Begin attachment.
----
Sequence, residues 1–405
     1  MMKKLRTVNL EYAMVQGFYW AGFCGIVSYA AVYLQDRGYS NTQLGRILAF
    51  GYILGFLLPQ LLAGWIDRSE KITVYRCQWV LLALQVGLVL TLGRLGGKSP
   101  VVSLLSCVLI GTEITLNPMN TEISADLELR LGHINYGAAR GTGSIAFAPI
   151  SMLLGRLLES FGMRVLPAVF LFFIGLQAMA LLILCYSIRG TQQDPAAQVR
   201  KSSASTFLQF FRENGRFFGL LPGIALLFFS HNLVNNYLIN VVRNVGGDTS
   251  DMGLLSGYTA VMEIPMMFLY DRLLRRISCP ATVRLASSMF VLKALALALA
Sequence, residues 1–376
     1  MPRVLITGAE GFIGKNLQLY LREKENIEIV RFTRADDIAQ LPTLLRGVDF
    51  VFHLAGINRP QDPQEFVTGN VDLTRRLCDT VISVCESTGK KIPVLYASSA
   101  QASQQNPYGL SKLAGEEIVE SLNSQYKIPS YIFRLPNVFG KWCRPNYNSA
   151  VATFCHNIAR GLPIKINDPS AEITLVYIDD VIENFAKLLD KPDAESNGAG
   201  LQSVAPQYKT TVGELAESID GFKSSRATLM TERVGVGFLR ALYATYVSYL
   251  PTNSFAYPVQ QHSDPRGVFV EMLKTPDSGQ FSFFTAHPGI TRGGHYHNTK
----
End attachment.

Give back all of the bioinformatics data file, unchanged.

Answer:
Sequence, residues 1–405
     1  MMKKLRTVNL EYAMVQGFYW AGFCGIVSYA AVYLQDRGYS NTQLGRILAF
    51  GYILGFLLPQ LLAGWIDRSE KITVYRCQWV LLALQVGLVL TLGRLGGKSP
   101  VVSLLSCVLI GTEITLNPMN TEISADLELR LGHINYGAAR GTGSIAFAPI
   151  SMLLGRLLES FGMRVLPAVF LFFIGLQAMA LLILCYSIRG TQQDPAAQVR
   201  KSSASTFLQF FRENGRFFGL LPGIALLFFS HNLVNNYLIN VVRNVGGDTS
   251  DMGLLSGYTA VMEIPMMFLY DRLLRRISCP ATVRLASSMF VLKALALALA
Sequence, residues 1–376
     1  MPRVLITGAE GFIGKNLQLY LREKENIEIV RFTRADDIAQ LPTLLRGVDF
    51  VFHLAGINRP QDPQEFVTGN VDLTRRLCDT VISVCESTGK KIPVLYASSA
   101  QASQQNPYGL SKLAGEEIVE SLNSQYKIPS YIFRLPNVFG KWCRPNYNSA
   151  VATFCHNIAR GLPIKINDPS AEITLVYIDD VIENFAKLLD KPDAESNGAG
   201  LQSVAPQYKT TVGELAESID GFKSSRATLM TERVGVGFLR ALYATYVSYL
   251  PTNSFAYPVQ QHSDPRGVFV EMLKTPDSGQ FSFFTAHPGI TRGGHYHNTK